provides an error is palpable if it `affects the substantial rights of a party’ and a `manifest injustice has resulted from the error.’ It is an error that is `easily perceptible, plain, obvious and readily noticeable. Brewer v. Commonwealth, 206 S.W.3d 343 (Kentucky Supreme Court 2006). Relief may be granted for palpable error only upon a showing of `probability of a different result or error so fundamental as to threaten a defendant's entitlement to due process of law.’ Martin v. Commonwealth, 207 S.W.3d 1, 3 (Kentucky Supreme Court 2006). We conclude the cumulative effect of the errors in this case rises to the level of palpable error.
Napier v. Commonwealth, supra.
As to why the court reached that conclusion, it explained that
[a]s in the first trial that resulted in a hung jury, the evidence against Napier was not overwhelming and Wooten's statement to Detective Combs was more than merely cumulative. It directly contradicted Napier's statement and undermined his defense that Holbrook was the aggressor. With the exception of the forensic evidence, Wooten's statement was perhaps the most damaging evidence to Napier's defense because if believed, it presented him as the aggressor and as a liar.

Obviously, the jury had some disagreement regarding the content of Wooten's statement and found the statement significant or it would not have requested that it be replayed. Because the jury viewed Wooten's statement in the jury room, it is unknown what parts of Wooten's statement were replayed or how frequently. We can say with fair assurance that permitting the jury to replay the statement in violation of [Kentucky Rule of Criminal Procedure] 9.72 and [Kentucky Rule of Criminal Procedure] 9.74 substantially influenced the jury's decision.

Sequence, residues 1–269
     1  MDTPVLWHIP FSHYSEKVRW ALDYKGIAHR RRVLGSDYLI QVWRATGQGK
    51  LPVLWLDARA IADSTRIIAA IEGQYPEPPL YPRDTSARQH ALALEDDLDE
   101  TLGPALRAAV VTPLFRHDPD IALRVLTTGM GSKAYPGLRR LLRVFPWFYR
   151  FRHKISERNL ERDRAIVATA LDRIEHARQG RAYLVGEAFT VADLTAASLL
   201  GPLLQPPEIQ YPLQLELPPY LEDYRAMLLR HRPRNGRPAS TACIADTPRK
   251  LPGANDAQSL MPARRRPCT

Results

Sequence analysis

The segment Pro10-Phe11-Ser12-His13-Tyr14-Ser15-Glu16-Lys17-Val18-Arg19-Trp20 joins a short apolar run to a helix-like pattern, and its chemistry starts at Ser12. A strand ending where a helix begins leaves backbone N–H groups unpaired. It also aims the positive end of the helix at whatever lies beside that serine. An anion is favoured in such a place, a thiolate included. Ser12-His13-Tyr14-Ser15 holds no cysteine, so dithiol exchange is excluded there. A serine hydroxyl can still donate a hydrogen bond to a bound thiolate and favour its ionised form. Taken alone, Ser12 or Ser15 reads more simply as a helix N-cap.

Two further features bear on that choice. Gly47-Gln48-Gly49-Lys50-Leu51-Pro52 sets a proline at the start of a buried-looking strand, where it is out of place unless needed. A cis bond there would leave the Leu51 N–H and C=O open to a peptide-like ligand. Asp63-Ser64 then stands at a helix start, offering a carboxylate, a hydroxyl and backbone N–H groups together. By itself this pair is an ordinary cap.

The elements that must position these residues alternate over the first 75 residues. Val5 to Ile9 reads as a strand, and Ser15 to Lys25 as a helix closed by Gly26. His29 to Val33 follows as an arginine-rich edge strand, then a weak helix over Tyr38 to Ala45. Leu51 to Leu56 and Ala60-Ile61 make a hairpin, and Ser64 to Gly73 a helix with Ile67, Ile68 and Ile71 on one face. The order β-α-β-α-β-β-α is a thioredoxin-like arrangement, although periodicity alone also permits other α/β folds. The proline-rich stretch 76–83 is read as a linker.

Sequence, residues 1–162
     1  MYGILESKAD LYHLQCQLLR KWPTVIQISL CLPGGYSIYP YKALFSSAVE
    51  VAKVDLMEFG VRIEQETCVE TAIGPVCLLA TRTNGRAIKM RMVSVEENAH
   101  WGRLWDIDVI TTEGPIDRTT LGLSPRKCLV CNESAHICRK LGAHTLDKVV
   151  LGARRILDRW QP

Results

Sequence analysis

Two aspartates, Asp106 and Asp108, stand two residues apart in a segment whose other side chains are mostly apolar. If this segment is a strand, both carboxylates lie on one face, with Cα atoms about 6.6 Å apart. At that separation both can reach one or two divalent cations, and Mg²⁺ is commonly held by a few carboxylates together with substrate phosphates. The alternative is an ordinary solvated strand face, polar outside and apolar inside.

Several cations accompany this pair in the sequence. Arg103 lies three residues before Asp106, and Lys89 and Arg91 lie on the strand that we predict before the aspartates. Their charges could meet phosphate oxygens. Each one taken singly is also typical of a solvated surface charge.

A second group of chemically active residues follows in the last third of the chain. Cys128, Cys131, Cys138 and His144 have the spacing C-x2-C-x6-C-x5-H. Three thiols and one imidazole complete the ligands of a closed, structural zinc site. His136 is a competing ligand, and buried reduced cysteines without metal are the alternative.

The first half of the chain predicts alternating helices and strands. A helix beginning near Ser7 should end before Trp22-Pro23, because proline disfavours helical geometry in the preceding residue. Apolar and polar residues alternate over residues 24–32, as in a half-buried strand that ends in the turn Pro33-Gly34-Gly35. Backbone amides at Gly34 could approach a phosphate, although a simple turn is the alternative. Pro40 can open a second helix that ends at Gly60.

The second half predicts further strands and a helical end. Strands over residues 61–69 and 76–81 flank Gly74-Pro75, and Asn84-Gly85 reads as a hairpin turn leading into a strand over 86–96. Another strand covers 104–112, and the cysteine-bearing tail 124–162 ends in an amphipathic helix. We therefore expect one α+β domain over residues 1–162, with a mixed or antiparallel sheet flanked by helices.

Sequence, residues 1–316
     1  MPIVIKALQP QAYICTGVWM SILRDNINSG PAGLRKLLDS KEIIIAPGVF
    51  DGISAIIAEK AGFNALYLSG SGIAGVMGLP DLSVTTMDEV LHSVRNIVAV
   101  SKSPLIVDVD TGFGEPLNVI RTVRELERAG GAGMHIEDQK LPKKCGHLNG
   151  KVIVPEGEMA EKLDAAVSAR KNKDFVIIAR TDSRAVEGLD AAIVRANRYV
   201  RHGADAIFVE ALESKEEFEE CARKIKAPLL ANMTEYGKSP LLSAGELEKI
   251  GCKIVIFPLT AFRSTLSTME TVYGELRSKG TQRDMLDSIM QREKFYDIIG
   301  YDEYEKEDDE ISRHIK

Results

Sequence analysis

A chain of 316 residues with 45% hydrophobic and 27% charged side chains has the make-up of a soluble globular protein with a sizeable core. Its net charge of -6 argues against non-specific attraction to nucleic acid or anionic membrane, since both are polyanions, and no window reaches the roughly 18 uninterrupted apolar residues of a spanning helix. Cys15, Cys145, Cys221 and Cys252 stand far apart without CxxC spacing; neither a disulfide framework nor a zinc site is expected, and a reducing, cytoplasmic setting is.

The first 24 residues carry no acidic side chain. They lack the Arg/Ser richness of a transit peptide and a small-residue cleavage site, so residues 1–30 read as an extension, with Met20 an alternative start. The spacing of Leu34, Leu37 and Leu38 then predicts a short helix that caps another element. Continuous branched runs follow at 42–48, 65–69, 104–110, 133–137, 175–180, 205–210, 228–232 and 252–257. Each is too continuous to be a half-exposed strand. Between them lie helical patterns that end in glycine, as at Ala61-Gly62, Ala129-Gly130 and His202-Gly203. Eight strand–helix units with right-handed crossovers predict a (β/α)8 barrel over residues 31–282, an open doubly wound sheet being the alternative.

Therefore, the violations of our criminal rules rose to the level of reversible error under the standard set forth in McAtee. The question is whether those violations, combined with the use of the Commonwealth's unclean laptop, requires we reverse under the palpable error standard.
Napier v. Commonwealth, supra.
The Supreme Court went on to explain that
[t]o be candid, we have difficulty with permitting the jury to retire to the deliberation room with any electronic device from which outside information, including the internet, can be accessed. The jury room is the courtroom's sanctuary, a place where the jury is to perform its most sacred duty without outside influences and information. However, we glean from McAtee that our Supreme Court does not share our view that such devices, clean or unclean, are not proper in the jury deliberation room.

Here, the use of the Commonwealth's unclean laptop presents an even more vexing problem. Not only was it possible for the jury to access outside information from internet sources, without restriction it had access to the Commonwealth's computer data, including information particular to Napier's case.
Napier v. Commonwealth, supra.
The court then addressed the central issue in the case, noting that
[i]t is fundamental to our jury system that the jury consider only evidence presented at trial in the presence of the defendant and subject to cross examination. As observed in Crews v. Commonwealth, 2013 WL 6730041 (Kentucky Supreme Court 2013), not all recordings used as evidence are in a format playable on a clean and regular CD or DVD player available in our courtrooms. However, a trial court must preserve the integrity of the jury to ensure it considers only the evidence requested during its deliberations.

We conclude that providing the jury with unrestricted use of the Commonwealth's unclean laptop is simply not a constitutionally sound solution to a technological deficiency. To ensure a defendant receives true due process and that our criminal rules are not violated, the solution in such situations is simply to replay a witness's statement in open court with the trial judge and the parties present.